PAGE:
“In order to get a dime from Medicaid or any other program in my jurisdiction, all of these facilities are going to have to start providing actual care,” he said. “Systemic failures at even a handful of these facilities is an indictment of the whole model.”

Wyden said he plans to introduce legislation to hold youth residential treatment facilities accountable with increased health and safety standards, oversight and investments in community services that reduce the need for residential treatment. 

He said he invited Marc Miller, the president and CEO of Pennsylvania-based Universal Health Services – the largest provider nationwide – to speak at the committee meeting and he declined. 

“His company’s conduct – and the entire (residential treatment facility) business model – is simply indefensible,” Wyden said. 

In a statement to the Capital Chronicle, Universal Health Services called the report “incomplete and misleading” and said it creates a false narrative. The company said it provided 12,000 pages of records to the committee and made staff available to answer questions in a separate meeting that lasted for more than four hours. The company said it takes caring for residents seriously and responds with remedial action in cases when residents are harmed.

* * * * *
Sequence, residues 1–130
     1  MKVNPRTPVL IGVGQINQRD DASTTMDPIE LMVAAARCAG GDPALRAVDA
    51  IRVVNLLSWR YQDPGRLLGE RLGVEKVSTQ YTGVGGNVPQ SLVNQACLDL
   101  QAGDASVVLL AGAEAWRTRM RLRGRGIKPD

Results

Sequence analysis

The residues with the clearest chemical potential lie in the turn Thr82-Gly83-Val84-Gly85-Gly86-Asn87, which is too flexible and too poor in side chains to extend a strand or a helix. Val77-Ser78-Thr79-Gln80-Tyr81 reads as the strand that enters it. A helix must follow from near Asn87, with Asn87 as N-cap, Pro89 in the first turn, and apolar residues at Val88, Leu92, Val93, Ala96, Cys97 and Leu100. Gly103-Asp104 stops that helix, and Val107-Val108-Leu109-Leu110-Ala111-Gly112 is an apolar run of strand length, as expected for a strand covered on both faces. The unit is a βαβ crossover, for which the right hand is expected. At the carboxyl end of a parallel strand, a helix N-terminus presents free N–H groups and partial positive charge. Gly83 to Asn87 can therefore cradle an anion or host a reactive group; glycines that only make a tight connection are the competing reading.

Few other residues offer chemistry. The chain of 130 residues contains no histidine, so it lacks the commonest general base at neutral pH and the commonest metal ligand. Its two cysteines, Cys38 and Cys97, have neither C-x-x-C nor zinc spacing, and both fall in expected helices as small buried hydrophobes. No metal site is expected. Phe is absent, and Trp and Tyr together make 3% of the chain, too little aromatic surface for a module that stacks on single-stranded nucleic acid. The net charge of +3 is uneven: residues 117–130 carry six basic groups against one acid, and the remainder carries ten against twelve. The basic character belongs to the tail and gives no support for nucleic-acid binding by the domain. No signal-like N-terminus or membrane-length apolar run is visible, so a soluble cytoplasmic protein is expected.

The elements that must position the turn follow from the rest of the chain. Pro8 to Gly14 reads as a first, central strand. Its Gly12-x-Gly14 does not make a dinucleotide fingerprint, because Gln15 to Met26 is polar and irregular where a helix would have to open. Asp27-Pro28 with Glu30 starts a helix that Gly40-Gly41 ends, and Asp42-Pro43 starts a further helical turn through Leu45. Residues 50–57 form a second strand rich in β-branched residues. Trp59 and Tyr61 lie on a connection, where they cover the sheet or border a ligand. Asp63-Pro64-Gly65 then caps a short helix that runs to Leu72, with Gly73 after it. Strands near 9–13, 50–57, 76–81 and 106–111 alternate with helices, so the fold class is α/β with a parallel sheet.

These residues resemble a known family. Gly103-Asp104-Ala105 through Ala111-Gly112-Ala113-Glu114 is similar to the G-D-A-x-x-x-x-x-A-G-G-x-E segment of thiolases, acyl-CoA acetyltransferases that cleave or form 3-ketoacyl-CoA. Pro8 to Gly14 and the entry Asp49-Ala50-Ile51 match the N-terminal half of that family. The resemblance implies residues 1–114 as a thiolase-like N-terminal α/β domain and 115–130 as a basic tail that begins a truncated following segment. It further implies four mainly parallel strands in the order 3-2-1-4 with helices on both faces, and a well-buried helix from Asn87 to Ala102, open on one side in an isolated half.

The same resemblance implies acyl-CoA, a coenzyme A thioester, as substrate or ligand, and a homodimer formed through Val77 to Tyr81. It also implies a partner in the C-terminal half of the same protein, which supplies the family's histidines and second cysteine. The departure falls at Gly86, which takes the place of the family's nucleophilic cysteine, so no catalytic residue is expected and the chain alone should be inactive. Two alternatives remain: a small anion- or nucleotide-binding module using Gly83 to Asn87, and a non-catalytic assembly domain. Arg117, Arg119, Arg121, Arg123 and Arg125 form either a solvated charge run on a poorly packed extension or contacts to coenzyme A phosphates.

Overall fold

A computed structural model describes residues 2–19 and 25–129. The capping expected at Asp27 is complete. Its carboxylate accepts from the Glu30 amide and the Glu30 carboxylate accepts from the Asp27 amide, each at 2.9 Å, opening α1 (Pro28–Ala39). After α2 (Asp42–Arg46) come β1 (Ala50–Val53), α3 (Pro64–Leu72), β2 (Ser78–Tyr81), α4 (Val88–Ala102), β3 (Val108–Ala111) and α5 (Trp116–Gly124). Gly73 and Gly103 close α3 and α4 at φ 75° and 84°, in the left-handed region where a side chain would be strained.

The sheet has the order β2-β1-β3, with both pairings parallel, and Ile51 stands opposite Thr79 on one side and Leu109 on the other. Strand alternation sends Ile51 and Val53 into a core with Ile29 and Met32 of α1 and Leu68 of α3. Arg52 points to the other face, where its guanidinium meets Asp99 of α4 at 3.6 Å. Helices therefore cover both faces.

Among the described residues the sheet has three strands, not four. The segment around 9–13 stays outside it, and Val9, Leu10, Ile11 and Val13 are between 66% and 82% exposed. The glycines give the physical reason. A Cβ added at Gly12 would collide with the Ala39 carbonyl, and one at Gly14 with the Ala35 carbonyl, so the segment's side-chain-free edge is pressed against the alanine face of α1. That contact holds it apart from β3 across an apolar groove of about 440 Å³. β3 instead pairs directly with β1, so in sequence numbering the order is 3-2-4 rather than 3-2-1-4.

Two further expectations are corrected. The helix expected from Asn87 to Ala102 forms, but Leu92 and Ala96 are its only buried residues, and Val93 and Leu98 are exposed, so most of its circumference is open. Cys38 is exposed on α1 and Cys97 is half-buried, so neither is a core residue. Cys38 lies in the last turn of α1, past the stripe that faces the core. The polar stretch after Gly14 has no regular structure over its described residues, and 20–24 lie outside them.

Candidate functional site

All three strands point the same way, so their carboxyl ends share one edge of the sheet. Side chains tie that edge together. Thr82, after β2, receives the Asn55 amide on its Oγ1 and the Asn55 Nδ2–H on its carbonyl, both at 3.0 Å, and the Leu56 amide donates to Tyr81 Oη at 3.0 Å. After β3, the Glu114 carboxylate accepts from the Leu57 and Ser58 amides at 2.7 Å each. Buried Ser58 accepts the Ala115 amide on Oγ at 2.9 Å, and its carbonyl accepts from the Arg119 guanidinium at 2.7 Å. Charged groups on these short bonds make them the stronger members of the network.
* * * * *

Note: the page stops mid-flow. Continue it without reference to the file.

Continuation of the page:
<h4>&nbsp;People share personal stories</h4>    <p>The stories of survivors – and the families of those who have died – are central to the issue. In a press event before the hearing, they shared their stories.&nbsp;</p><p>Kayla Muzquiz, a former foster youth from the Rio Grande Valley in Texas spoke about her journey through 18 youth residential treatment facilities in Utah, North Carolina and Texas.</p><p>“All of these programs were thousands of miles away from everything that I knew and everyone that I loved,” she said. “So I consider it being trafficked because I was very isolated, not only away from people that I knew in my community.”</p><p>Inside the facilities, she said, she was physically restrained. She was also restrained with chemical injections.</p><p>“They will pull your pants down and inject you right where your thigh meets your butt,” she said. “And patients in there call that booty juice. This is normal in those facilities, and I felt like I was a lab rat most of the time.”&nbsp;</p><p>At 14, she started to have fainting spells. Staff said she was an attention-seeker and she didn’t get medical attention until she gained nearly 20 pounds in less than a month. An endocrinologist diagnosed her with an untreated fourth-stage thyroid condition that will require medication for the rest of her life.&nbsp;</p><p>“I’m disabled for the rest of my life, and I’m dependent on medication just to produce a hormone so I can function correctly,” she said. “The medical neglect in foster care is real. I almost died, and it was very scary having to go through that by myself.”</p><p>State Sen. Sara Gelser Blouin, D-Corvallis, who has pushed for reforms in the Oregon Legislature, also spoke.&nbsp;</p><p>“What you will find when you read the report is that it validates what youth and survivors have been telling us, not for weeks or months or years, but for decades,” Gelser Blouin said. “My hope is that this is the first step in people saying ‘enough.’ Enough spending our money to abuse children. Enough sending kids to places just to warehouse them. Enough holding kids to the ground and silencing them, both literally and figuratively.”</p><p>Gelser Blouin said states and child welfare programs need to aggressively investigate abuse in facilities and invest in more community mental health services that keep families together and help young people.&nbsp;</p><p>“Every child, every youth, is filled with tremendous potential,” Gelser Blouin said. “It’s time for us to stop stealing that through abusive facilities.”</p>    <a href="https://oregoncapitalchronicle.com/subscribe">    <div class="subscribeShortcodeContainer">        <div class="subscribeTextContainer">          <i></i>            <p>GET THE MORNING HEADLINES DELIVERED TO YOUR INBOX</p>        </div>        <div class="subscribeButtonContainer">            SUBSCRIBE        </div>    </div>    </a>    <style> figure, .tipContainer, .socContainer, .subscribeShortcodeContainer, .donateContainer {display:none !important;} .youtubeContainer { position: relative; padding-bottom: 56.25%; padding-top: 30px; height: 0; overflow: hidden; margin-bottom:12px; } .youtubeContainer iframe, .video-container object, .video-container embed { position: absolute; top: 0; left: 0; width: 100% !important; height: 100%; margin: 12px 0px !important; } .newsroomSidebar {width:35%;max-width:35%;padding:10px;border-top:solid 2px black;background-color:#d3d3d3;float:right;margin-left:50px;} .snrsInfoboxSubContainer {padding:10px;border-top:solid 2px black;background-color:#d3d3d3;} .halfwidth {float:right;width:50%;max-width:50%;} .indent2Container {margin-left: 1em;margin-bottom:1em; border-left: solid 1px black;padding-left: 2em;} @media only screen and (max-width: 600px) {.newsroomSidebar {max-width:95%;width:95%;margin-left:4%} .halfwidth {float:none;width:100%;max-width:100%;} }</style> <p><a href="https://oregoncapitalchronicle.com">Oregon Capital Chronicle</a> is part of States Newsroom, a nonprofit news network supported by grants and a coalition of donors as a 501c(3) public charity. Oregon Capital Chronicle maintains editorial independence. Contact Editor Lynne Terry for questions: <a href="mailto:[email protected]">[email protected]</a>. Follow Oregon Capital Chronicle on <a href="https://facebook.com/Oregon-Capital-Chronicle-108493918232859">Facebook</a> and <a href="https://x.com/ORCapChronicle">X</a>.</p>